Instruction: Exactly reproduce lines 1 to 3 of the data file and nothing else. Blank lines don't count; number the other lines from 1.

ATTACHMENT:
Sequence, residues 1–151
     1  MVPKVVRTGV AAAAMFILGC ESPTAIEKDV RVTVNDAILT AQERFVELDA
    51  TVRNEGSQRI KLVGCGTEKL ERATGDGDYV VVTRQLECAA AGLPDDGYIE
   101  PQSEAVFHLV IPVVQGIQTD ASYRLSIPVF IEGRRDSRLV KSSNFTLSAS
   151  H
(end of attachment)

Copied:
Sequence, residues 1–151
     1  MVPKVVRTGV AAAAMFILGC ESPTAIEKDV RVTVNDAILT AQERFVELDA
    51  TVRNEGSQRI KLVGCGTEKL ERATGDGDYV VVTRQLECAA AGLPDDGYIE